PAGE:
Why sleep? Because they are automatic, not intentional. This does not make these behaviors wrong; it just shows that we are not Awake and Aware while we enact them. And this is also true of so much that we do! The more we Wake Up the more we realize how asleep we are, how automatic. None of us likes to believe this about ourselves, so discovering it in ourselves can be shocking: a real Awakening. 😉

Let’s look more at perfectionism. This issue masks itself as an advantage. Perfectionism makes self-observation extremely difficult because criticism tends to masquerade as observation.

Perfectionism is driven by the fantasy that you can MAKE yourself all right. The hidden lie—that hides the cruelty of this stance–is that you not all right in the first place.

Effort driven by Perfectionism is characterized by a particular type or quality of attention. How does it operate? When we try really really hard to get everything right we are quite possibly:

  • out of touch with the fear driving us
  • in our heads; thinking too much and feeling too little
  • lacking perspective on the relative importance of details
  • overlooking our impact on others
  • critical
  • controlling
  • about to get frustrated or angry because we did not master this yesterday
  • shaming ourselves subconsciously
  • less than ideally open to exploration, wonder, and creativity

The quality of attention we bring to Inner Work—the energy frequencies we are running as we do it—bias exactly what we are able to discover. Don’t pin the butterflies on a board. Just get close and watch what their antennae do when they sense a change in the breeze.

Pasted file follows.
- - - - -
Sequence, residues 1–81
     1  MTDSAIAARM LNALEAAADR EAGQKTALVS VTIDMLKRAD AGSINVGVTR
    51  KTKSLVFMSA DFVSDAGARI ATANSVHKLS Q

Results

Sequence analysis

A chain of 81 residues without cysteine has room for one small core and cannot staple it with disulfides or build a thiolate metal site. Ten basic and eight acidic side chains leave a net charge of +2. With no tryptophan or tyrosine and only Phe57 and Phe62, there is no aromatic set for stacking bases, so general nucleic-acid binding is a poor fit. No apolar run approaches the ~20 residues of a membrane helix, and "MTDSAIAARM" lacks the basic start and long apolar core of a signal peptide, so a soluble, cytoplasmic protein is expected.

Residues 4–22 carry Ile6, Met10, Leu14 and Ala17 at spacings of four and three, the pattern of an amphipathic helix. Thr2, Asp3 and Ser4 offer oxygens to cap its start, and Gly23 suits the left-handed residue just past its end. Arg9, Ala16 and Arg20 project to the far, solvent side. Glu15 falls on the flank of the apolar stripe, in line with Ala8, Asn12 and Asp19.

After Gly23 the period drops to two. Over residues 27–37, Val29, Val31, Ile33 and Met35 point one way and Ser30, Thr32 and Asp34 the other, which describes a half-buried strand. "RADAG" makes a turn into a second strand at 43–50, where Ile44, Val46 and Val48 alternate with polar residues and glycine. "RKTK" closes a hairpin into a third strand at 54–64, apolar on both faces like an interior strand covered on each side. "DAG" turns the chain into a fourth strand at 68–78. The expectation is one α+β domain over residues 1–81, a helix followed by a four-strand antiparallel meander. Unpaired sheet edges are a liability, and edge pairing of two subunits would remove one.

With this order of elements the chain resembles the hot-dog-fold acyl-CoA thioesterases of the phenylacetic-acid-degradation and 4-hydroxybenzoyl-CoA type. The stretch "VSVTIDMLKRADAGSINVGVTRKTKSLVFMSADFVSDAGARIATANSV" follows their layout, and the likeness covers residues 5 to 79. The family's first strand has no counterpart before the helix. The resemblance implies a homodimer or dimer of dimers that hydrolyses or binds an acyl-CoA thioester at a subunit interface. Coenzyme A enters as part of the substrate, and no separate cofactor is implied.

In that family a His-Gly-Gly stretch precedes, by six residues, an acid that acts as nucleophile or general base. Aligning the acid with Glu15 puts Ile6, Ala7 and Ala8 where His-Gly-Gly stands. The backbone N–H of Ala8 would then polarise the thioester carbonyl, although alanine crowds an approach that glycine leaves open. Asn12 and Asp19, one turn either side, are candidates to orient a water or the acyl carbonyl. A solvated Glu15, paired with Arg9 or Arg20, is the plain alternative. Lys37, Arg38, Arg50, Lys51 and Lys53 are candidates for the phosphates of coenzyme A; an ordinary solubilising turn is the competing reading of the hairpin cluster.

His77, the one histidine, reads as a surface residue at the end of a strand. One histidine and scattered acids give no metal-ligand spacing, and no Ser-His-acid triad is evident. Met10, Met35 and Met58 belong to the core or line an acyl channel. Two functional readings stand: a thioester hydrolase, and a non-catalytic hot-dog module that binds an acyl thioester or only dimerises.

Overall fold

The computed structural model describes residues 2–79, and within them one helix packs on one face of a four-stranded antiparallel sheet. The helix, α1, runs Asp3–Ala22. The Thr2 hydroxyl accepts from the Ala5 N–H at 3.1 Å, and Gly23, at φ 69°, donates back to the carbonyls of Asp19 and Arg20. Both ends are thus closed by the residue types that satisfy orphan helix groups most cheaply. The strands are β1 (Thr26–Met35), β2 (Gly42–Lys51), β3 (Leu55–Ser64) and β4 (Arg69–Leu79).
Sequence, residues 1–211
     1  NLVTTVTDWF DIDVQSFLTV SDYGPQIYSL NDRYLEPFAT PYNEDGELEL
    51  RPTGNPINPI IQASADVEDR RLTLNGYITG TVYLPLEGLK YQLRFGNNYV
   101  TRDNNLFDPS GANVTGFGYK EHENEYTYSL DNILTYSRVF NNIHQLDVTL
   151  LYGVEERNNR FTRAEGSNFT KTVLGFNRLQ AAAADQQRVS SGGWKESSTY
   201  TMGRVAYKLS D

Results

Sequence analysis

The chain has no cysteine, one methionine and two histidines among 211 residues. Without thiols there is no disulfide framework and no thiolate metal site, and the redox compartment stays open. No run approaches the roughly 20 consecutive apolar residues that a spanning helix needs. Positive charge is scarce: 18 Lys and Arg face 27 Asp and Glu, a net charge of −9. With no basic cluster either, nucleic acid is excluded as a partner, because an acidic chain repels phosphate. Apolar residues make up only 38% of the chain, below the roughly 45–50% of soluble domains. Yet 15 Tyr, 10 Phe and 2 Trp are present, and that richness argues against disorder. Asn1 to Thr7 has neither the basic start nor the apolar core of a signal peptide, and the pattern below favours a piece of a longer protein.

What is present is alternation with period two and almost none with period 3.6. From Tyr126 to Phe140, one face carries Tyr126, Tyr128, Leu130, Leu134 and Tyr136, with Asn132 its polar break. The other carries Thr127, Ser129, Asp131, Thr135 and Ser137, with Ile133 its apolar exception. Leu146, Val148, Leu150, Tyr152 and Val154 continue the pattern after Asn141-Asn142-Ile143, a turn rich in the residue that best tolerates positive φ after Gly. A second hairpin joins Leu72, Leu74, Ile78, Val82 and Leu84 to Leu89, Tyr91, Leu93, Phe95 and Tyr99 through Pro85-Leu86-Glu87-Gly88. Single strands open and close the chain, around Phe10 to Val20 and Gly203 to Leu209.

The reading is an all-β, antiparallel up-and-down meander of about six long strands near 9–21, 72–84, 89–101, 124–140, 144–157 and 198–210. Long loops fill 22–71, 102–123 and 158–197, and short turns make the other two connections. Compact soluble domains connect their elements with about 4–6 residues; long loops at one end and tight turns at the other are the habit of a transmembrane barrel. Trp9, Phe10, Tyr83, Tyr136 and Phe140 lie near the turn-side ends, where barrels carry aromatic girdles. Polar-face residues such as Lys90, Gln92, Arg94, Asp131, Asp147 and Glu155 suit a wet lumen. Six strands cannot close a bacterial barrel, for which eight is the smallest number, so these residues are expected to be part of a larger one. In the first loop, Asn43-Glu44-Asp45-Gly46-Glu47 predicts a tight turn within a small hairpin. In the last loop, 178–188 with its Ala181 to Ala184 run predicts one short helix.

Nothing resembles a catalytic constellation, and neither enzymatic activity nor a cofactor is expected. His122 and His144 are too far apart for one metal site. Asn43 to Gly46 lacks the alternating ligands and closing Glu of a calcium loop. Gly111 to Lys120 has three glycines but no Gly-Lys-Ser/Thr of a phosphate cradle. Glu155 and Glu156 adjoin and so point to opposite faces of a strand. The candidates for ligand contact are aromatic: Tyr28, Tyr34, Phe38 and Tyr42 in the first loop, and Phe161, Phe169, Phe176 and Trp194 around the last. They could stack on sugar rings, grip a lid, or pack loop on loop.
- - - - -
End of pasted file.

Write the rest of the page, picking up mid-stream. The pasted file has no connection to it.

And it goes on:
Perfectionists may be drawn to Inner Work to try and make ourselves perfect. Our efforts pay bigger dividends when the perfectionism itself is examined as a symptom of sleep.

In the nature of Waking Up is the sleepy circumstance of forgetting to wake up NOW and NOW and in the now that happens later on when we’re not paying attention. REMEMBERING to practice is the biggest key to Inner Work.

As with all habit patterns, USE your Perfectionism to Wake Up by carefully observing exactly how it functions within you.

What have you noticed about Perfectionism?

13 August 2010 6 Comments

Inner Work Part 6, Becoming Aware of Your Blind Spots

Inner Work Part 6, Becoming Aware of Your Blind Spots

“One does not become enlightened by imagining figures of light, but by making the darkness conscious.” Carl Jung

Do you notice what you are doing, or do you do things without being aware of and deciding to do them? Take scratchingDSC04057 for example, playing with your hair, crossing your legs, reaching for another handful of chips. Did you decide to do it, or did your body do it on its own?

Sometimes we have more lapses than moments of awareness, yet we imagine that we have continuity of awareness and one, consistent Self. We do not.

The simple behaviors listed above are mere lapses of awareness. Blind spots are more entrenched. We generally defend them. This means that if someone points them out, we have an unpleasant reaction, even a hostile one.